Tuesday, February 10, 2015

The Overlook: Stuart Saves His Family

by JB
This film is not good enough... and not smart enough... and that's... okay. Wait, no it's not.

Stuart Saves His Family was just another nail in the coffin for Saturday Night Live's Hollywood aspirations. Following the disappointing box office returns of Coneheads (1993) and the dismal returns on It's Pat (1994), Stuart's meager $912,000 total box office take put a three-year halt on SNL movie adaptations. Unfortunately it did not stop the inevitable release (some might say "escape") of future Walgreen's discount bin DVDs A Night at the Roxbury, Superstar, and The Ladies Man.
Still, I'd heard that the movie was worth checking out, and with a box office take that small, I was fairly certain that very few of you babies would have actually seen it—a perfect candidate for "The Overlook." Either I would turn you all on to an undiscovered gem, or I'd save you 95 minutes that you could use for deciding which things to accept... and which to change... letting go of serenity and letting God... and cultivating an attitude of... catitude? I'm really not sure how these things work.

The Plot in Brief: Twelve-step program proponent Stuart Smalley (future U.S. Senator Al Franken) loses his job as the host of "Daily Affirmation," a Chicago Public Access Television program. Learning that his favorite aunt has died, Stuart returns to his family in Minneapolis: alcoholic Dad (Harris Yulin), enabler Mom (Shirley Knight), overeating naggy sister Jodie (Lesley Boone), and under-achieving stoner brother Donnie (Vincent D'Onofrio). Disturbing, less-than-hilarious hijinks ensue, involving the aunt's will, a property easement dispute, and an alcoholic's family intervention. You know, what most people call "comedy gold." (No people would call this "comedy gold.")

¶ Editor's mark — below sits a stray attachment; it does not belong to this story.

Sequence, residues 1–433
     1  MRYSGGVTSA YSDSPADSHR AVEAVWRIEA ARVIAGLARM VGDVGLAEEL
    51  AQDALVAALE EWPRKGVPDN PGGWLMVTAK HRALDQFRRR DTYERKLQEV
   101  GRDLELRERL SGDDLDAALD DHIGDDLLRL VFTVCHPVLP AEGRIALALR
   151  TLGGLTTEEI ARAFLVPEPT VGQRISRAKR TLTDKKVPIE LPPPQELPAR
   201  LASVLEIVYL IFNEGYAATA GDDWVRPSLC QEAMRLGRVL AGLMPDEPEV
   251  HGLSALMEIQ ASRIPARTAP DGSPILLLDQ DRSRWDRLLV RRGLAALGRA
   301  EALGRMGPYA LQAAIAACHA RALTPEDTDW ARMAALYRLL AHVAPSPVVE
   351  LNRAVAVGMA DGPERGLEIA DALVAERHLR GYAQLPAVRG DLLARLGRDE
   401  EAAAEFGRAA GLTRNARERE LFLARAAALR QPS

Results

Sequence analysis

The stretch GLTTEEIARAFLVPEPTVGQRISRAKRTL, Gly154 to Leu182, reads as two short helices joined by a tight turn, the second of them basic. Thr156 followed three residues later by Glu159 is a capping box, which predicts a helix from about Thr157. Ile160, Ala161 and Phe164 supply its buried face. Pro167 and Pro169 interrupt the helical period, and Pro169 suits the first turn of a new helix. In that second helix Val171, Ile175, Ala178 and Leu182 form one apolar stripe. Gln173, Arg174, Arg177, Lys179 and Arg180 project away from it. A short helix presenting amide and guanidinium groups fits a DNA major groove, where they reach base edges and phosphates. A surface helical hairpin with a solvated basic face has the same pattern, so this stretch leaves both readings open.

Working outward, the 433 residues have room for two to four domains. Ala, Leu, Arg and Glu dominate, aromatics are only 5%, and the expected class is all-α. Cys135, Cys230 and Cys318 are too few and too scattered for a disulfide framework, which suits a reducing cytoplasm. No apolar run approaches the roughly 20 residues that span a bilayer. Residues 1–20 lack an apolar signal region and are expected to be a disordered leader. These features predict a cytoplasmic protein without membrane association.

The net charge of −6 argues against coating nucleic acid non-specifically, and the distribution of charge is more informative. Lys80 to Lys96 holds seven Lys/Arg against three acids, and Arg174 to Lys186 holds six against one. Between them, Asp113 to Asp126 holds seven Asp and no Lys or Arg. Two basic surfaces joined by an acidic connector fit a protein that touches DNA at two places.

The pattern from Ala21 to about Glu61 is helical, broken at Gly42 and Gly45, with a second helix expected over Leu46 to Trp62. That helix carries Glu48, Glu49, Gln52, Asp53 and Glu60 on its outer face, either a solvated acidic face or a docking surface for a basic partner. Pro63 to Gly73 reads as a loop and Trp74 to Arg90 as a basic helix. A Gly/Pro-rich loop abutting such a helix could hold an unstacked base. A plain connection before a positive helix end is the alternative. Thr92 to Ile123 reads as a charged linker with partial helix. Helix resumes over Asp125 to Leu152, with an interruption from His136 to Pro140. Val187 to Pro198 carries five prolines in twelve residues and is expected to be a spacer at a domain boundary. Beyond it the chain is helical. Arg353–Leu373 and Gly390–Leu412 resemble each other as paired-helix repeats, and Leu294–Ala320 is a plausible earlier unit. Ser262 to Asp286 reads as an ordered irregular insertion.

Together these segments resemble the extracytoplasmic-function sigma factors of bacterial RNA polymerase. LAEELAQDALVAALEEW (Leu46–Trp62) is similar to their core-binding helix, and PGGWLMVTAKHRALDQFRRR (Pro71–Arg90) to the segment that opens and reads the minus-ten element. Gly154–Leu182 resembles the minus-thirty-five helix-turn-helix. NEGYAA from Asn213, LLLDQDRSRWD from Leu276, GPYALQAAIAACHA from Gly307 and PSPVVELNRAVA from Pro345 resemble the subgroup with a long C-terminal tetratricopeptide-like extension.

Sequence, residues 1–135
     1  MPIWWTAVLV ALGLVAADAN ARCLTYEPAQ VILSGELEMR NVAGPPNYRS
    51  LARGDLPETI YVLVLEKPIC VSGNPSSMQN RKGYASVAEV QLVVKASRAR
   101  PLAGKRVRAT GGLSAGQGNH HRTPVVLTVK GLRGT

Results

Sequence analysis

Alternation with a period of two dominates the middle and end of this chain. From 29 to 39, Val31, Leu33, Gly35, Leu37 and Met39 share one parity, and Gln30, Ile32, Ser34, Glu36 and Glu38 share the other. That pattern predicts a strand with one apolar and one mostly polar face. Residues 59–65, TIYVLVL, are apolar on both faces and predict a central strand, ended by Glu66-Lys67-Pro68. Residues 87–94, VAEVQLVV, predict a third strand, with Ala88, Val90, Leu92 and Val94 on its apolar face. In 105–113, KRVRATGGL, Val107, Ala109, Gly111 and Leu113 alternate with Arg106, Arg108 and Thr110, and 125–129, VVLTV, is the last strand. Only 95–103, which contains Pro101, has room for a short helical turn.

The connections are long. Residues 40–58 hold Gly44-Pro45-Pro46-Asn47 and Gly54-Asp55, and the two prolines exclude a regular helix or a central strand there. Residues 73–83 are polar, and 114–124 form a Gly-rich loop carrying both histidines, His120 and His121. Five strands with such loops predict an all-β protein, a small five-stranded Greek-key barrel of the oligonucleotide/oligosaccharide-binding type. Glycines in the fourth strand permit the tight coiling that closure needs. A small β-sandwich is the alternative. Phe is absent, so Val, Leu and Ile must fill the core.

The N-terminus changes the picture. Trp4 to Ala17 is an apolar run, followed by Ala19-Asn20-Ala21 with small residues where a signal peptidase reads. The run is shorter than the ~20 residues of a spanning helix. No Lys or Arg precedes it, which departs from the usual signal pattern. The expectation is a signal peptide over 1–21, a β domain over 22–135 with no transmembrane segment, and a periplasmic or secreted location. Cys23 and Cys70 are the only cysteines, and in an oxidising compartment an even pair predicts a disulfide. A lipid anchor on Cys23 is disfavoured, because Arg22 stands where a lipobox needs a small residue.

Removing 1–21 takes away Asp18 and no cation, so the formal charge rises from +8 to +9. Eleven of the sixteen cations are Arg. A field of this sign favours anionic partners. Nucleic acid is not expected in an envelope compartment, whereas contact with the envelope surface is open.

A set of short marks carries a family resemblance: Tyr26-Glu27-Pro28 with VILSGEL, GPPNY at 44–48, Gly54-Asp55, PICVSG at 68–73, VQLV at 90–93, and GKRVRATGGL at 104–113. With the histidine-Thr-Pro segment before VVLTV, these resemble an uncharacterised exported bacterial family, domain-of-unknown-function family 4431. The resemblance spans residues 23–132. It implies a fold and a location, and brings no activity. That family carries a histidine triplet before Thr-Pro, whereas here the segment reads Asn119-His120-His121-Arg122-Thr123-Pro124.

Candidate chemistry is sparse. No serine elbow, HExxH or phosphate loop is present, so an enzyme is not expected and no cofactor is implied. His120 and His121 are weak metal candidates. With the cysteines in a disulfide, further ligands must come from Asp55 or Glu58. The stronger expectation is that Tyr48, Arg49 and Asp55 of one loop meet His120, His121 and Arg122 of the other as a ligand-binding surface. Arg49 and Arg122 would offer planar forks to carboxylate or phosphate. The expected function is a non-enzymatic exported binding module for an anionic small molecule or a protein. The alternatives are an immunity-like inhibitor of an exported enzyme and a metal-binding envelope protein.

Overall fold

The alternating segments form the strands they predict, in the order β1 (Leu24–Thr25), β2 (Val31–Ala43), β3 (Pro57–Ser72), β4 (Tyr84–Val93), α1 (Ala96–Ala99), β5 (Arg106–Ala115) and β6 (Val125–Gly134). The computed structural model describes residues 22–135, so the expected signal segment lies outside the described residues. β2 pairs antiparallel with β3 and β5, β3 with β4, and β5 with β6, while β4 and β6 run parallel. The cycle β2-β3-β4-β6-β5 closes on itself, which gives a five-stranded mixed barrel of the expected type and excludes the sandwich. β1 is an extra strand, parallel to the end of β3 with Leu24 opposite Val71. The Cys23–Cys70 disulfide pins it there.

Stuart Smalley and his one-joke SNL sketch would seem a strange choice for feature film enlargement. As played by Al Franken, Stuart is certainly an annoying and exaggerated character, better suited to the small screen in five-minute, weekly doses. But as Stuart Saves His Family goes along, we actually start to get used to him. It might be that Senator Franken's genuinely nuanced portrayal of Stuart seems to get better and better as we witness the sub-sitcom performances of almost everyone in the supporting cast.

Actually, there are two decent supporting performances: Vincent D'Onofrio and Laura San Giacomo struggle valiantly with their underwritten parts. The rest of the supporting cast is adrift in a sea of mismatched tones and wild exaggeration. D'Onofrio manages to invest kid brother Donnie with some humanity, humor, and charm. San Giacomo delivers a terrific monologue about finally meeting her real father that should have provided a clue to the filmmakers about the direction and tone that the rest of this film should have taken.
Except for some outstanding views of Chicago, which almost always looks terrific on film, the entire production is bogged down in a flat, flimsy television look. The lighting, costumes, sets, and supporting performances all seem done on the cheap. In fact, when Stuart takes his television show to a rival cable station, the production values of his new show are demonstrably better than the production values of the movie that contains it.


Stuart's pedigree would suggest a better film: written by and starring future U.S. Senator Al Franken and directed by Harold Ramis, those two names alone would suggest a home run. What we get instead is, at best, a sacrifice fly to left field, as the film's focus and tone fight against its subject matter.
Here's the thing, babies: comedy filmmakers need to make a decision at the beginning of production about tone and subject matter. No matter how talented a filmmaker one may be, unless your last name is Kubrick it is almost impossible to mix "alcoholism" with "cuddly," "dying" with "clownishness," or "property easement" with "comedy." Lesser talent, take a lesson: pick either the former or the latter. You cannot have both.